One Challenge is predominantly a mission organization that focuses on long-term missions that serve the local church. However, short-term missions are a crucial part of its ethos and allow persons to get acquainted with a variety of cross-cultural ministry in a tailored way. For each person on a short-term trip, the experience is different, often even for people going as a team and participating in the same ministry. Three short-termers recently returned from mission trips in India, Central Asia, and Guatemala. Each had life-changing experiences. They also came back with a new perspective of their role in the Great Commission and a renewed view of Christ.
For OC, short-term length varies from one month to one year. It provides opportunities for intensive, proactive and cross-cultural experiences. OC often helps facilitate church teams, but more frequently sends people to a field they choose, developing an individualized and unique mission experience.
Part 1 – Anna in India
What did she do?
Anna served in India for one year, teaching English and literature for grades 3-7 at a school for mission worker children comprised entirely of national Indians. “I went to India with the presupposition that I would have a very defined role: teaching and counseling,” says Anna. “I did that. However, I think the greatest highs had nothing do with teaching OR counseling. God did big things in the unscripted moments. The times that were off the books, under the radar, unplanned and unofficial.”
A large impact on Anna came from the students she taught. “The Bible talks about loving God with all your heart, your soul, your mind, your body. Offering yourself to Him, whatever you have,” says Anna. “My students embodied these truths, gave me a tangible example of how it should look when I love God.”
What were highs from the experience?
Anna says almost every day she received notes from her students. Now she has saved over 150 of them. She describes them as: “Elaborately decorated little masterpieces, involving tape and glue and colors and painstaking portraits of me (looking like a Barbie, apparently). The joy on their faces when they shyly handed them to me … ahh, impossible to describe!”
A few of the notes read:
- “I love your class becuz I know now how to be awesome.” Mugashe
- “Miss we learn how to be inspiration and you do funny steps when we are sad and we laugh.” Ako
- “Miss, you always give us sticker and you always shout and waste your voice for singing and we are very loud and do not listen to you and so we are ready for forgiveness and we are ready for listen to you and we are always with you and remember you anywhere. You do good things.” Lika
So, yes, these notes are a little rough in grammar and spelling, but Anna says, “I delighted in these… I laughed, I cried, and I adored them. I saw their progress. I saw how far they had come, and I was ready to cheer them on as they kept learning.”
This small interchange with her students gave her a new perspective on her Heavenly Father. While in the U.S., Anna says she knew on an intellectual level that she was adopted into the family of Christ through grace, but on a heart level she felt inadequate. Her time in India allowed her to experience the Father’s grace in new ways. “I never felt as if I’ve done enough. I never felt like God was satisfied with me. I made God a peevish, temperamental, Ebeneezer Scrooge-type figure,” she says. “But…God is my Father. He rejoices over me with singing. I discovered all over again what God’s grace meant in a new, strange land with new people and new challenges.”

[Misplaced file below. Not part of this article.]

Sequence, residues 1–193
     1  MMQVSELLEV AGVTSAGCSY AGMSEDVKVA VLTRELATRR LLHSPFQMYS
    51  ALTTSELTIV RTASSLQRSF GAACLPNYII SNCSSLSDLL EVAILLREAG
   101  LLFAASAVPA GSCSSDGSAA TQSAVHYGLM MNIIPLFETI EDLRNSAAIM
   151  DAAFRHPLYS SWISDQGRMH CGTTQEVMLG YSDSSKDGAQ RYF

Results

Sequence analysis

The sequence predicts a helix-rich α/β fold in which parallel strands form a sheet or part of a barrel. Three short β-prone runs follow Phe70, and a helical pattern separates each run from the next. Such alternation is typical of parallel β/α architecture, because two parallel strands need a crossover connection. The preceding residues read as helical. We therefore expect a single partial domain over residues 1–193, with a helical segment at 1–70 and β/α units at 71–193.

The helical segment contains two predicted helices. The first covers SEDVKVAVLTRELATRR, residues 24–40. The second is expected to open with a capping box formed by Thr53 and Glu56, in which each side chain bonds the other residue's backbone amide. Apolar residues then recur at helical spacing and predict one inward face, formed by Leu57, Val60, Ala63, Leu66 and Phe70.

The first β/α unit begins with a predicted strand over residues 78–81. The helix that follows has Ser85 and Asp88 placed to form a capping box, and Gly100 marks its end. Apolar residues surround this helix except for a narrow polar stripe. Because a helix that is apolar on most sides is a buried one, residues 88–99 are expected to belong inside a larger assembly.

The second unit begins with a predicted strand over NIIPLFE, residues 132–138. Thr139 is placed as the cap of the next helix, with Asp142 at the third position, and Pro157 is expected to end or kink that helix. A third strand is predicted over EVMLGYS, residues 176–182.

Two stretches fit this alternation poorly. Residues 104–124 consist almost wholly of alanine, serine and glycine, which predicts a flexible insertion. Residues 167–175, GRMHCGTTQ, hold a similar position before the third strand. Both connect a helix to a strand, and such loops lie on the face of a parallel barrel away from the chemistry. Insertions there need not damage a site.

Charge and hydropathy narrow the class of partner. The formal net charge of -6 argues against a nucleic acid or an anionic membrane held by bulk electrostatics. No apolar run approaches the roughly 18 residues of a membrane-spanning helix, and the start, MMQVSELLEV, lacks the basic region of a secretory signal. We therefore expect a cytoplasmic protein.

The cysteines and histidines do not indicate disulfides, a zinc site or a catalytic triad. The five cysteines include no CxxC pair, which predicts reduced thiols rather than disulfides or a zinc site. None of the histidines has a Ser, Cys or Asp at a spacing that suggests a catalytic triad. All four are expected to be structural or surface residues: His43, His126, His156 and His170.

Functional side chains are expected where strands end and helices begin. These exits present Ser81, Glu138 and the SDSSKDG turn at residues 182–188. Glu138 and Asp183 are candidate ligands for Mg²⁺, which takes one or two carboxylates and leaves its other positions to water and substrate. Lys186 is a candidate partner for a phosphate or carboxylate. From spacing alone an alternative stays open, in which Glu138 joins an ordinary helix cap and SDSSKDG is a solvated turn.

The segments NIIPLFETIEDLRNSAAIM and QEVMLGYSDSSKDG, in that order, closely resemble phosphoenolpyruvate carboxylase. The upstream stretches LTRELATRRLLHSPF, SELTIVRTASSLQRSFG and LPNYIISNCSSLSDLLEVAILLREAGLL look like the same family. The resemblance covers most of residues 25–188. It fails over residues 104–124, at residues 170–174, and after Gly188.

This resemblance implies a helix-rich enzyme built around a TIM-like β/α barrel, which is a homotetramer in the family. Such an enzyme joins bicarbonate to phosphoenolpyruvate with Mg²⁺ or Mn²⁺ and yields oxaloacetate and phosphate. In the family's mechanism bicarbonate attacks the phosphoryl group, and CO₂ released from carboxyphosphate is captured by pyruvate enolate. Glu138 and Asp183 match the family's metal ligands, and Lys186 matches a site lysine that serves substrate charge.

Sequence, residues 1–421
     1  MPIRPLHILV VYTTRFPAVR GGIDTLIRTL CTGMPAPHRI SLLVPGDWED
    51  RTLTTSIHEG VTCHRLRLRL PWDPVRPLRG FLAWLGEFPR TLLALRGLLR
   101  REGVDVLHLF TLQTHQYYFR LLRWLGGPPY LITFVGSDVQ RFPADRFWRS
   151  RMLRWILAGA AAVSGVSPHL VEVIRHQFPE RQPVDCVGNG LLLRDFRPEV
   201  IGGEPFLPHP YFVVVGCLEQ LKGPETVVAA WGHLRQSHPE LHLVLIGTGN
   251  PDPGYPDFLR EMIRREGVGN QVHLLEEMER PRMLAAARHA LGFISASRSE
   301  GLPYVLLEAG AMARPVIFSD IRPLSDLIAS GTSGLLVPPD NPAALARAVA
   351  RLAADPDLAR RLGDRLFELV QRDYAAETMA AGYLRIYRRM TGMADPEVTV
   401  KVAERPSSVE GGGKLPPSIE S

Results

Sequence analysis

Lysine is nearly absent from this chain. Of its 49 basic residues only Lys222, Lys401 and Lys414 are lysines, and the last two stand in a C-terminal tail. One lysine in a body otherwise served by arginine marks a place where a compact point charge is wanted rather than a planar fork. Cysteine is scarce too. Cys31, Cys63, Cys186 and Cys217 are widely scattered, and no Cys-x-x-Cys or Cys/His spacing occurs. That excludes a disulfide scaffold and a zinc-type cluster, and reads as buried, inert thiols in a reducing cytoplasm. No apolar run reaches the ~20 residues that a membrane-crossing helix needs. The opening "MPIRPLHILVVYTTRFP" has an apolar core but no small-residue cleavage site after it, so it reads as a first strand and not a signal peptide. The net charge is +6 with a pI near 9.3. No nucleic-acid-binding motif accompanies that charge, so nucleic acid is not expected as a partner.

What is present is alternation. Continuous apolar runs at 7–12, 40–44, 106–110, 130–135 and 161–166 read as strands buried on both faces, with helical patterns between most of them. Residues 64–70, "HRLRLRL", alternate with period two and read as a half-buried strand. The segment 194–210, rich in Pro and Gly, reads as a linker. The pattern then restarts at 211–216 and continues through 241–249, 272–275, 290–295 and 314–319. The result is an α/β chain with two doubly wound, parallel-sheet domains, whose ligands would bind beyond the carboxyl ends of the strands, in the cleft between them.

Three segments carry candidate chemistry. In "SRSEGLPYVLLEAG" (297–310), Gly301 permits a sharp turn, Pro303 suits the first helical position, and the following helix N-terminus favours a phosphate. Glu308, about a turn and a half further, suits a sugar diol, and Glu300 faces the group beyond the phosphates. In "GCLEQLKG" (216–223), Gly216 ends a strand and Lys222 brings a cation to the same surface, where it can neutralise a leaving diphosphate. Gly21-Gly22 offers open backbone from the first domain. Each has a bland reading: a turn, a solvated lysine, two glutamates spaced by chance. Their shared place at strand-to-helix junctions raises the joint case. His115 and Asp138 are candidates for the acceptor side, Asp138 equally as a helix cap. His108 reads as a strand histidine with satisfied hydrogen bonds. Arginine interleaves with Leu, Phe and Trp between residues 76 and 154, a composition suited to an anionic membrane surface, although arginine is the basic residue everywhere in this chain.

What were some challenges along the way?
Short-term missions are not perfect 100% of the time. Anna shares, “Many ‘lows’ were linked with communication. I was in a very remote, isolated place. Much of the conversation outside of class happened in tribal languages. I attempted to learn some of the local dialects (16), plus Hindi. I didn’t catch on very quickly. When I had the luxury of conversation with a confident English speaker, I had to talk slowly, moderate my vocabulary, exaggerate my enunciation, and explain every idiom. Talking was the equivalent of standing on my head. I didn’t have consistent internet access (the power was out 75% of the day), and phone calls were far too expensive an indulgence.”
Lessons learned often come from the darkest moments. Anna discovered an aspect of herself, a self-proclaimed weakness, in which she experienced growing pains. “I have a hard time asking for help when I need it, and admitting weakness. When trouble came, I just put on a brave face and marched on. That was a mistake. Most of my struggles were my own fault, because I tried to be strong, autonomous, and perfect,” she says. Through the struggle of autonomy came clarity. “I’ve realized that this barricade-persona eventually works against you. You’re fake. And people can spot a theater mask a mile away. It was liberating to finally be honest, to be broken, to admit my failures and my needs. I’ve learned that true strength lies in weakness. If I had to do it all over again, I would glory in my weakness, so that God’s power would be seen in me (1 Cor. 12).”
Would she recommend short-term missions to others?
Anna knows the experience is invaluable, and recommends, “Whether or not you’re interested in missions or even cultural experience, short-term mission trips are invaluable. There is such potential for growth, both spiritual and personal. Your time might be painful, or it might be Cloud 9, but it will be unforgettable. God will teach you more about yourself than you ever thought you needed to know. He will teach you about Himself in a way that you may never have learned in your own environment. A short-term trip will suspend your own reality for a moment. It allows you to be dipped into another world, however briefly.”